Rugby Championship: Nick Mallett can’t see how All Blacks can beat the Springboks

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 Credit: PA Images
Credit: PA Images

Former South Africa head coach Nick Mallett believes that the Springboks are clear favourites for their Rugby Championship double-header with the All Blacks.

The world champions warmed up for the annual international tournament with a tight 2-1 series victory over Wales recently.

New Zealand, meanwhile, suffered a disappointing 2-1 reversal at the hands of Ireland, a result which has thrown them into disarray.

Scrutiny has increased on the already under pressure head coach Ian Foster, who last year presided over their worst season since 2009.

Matters don’t seem to have improved for the All Blacks in 2022 following their defeat to the Irish and they face another tough assignment in just over two weeks’ time.

Although South Africa struggled to put away the Welsh, the fundamentals of their game were strong, especially in the third Test, and Mallett insists that Foster’s men will struggle to compete in the set-piece.

Scrum struggles

“New Zealand don’t have a dominant scrum,” he wrote in his Sport24 column. “In all their competitions, they are using the scrum to launch a strike, not to win penalties. The props who play for the New Zealand franchises are generally good ball players who handle well and make good cleanouts and decisions.

“Scrummaging is something they obviously concentrate on, but not to the extent where they want to win penalties. It’s about winning the ball under reasonable circumstances and then playing the phases.

“When they play a team like South Africa, it’s a completely different situation because the Boks don’t want to move the ball from the scrum, they want to win a penalty from the scrum. Have New Zealand got two tightheads and looseheads capable of lasting 80 minutes against the South African pack? I don’t believe they have.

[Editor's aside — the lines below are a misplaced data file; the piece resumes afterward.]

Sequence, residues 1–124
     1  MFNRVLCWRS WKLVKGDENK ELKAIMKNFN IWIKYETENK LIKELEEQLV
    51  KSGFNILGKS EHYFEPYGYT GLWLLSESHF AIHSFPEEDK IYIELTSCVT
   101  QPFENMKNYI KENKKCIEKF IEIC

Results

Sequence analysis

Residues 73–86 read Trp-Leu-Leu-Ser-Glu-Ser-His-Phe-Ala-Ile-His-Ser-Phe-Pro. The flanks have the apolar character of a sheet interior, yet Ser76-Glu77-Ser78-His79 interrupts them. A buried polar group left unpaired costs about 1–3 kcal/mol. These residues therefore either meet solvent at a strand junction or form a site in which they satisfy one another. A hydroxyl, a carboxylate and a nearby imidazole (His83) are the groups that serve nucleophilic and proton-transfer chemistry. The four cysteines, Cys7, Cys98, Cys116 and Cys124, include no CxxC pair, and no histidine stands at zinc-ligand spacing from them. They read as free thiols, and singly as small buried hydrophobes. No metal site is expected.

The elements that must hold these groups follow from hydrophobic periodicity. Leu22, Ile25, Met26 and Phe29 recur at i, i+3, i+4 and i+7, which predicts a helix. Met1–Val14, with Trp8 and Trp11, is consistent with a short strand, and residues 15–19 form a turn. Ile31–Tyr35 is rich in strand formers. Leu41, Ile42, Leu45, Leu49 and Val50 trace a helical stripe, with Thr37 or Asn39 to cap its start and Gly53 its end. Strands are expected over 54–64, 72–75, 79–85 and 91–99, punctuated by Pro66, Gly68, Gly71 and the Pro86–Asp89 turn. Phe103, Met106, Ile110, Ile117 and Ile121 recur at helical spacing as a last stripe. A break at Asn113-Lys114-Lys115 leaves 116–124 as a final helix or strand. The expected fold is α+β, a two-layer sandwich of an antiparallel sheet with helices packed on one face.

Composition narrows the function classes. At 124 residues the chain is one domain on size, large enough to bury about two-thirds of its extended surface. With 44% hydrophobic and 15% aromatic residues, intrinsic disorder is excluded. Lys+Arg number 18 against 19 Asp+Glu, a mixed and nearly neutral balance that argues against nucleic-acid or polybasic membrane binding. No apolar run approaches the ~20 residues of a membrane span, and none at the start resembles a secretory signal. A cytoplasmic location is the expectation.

“Once you give scrum penalties away against the Boks, that sets up their whole territorial game. They kick for touch, they maul off lineouts and put teams and referees under immense pressure there.

“The ability to stop South Africa playing decent rugby starts at scrum time where you have to stop them winning penalties, and I’m not sure that New Zealand can do that given how they struggled against Ireland.

“I think when you look at the front row power the Springboks have on the bench in every Test, this is a clear area of advantage.”

The All Blacks will also be without important second-row Brodie Retallick, who is a massive part of their front five.

Facing imposing Springbok locks

Mallett added: “At lock, Brodie Retallick is irreplaceable and world-class, and missing him is huge. He will be replaced by a competent lock, but not of the international quality of Eben Etzebeth and Lood de Jager.

“South Africa have so much quality in the tight five, and the All Blacks just don’t match up there. New Zealand’s loose trio is made up of openside flankers and a mobile number eight, and Ardie Savea is the best of the bunch.

“He should be playing openside in place of Sam Cane, in my opinion, who I don’t think is playing well enough to justify his position in the side even if he is a good captain.

“They also need to get a ball-carrying No 8 and a big ruck-hitting blindside flanker, and also look for a guy of 6ft4, 6ft5 as a lineout option who would have stopping power against South Africa’s ball carriers.

“I’m not sure they have that physicality when they field three fetcher-like players who are quite small when compared to South Africa. New Zealand have a lot of guys coming onto the field who all look the same to me, and there is nobody really standing out.”

READ MORE: Scrum-half Faf de Klerk confident Japan move won’t derail Springboks career

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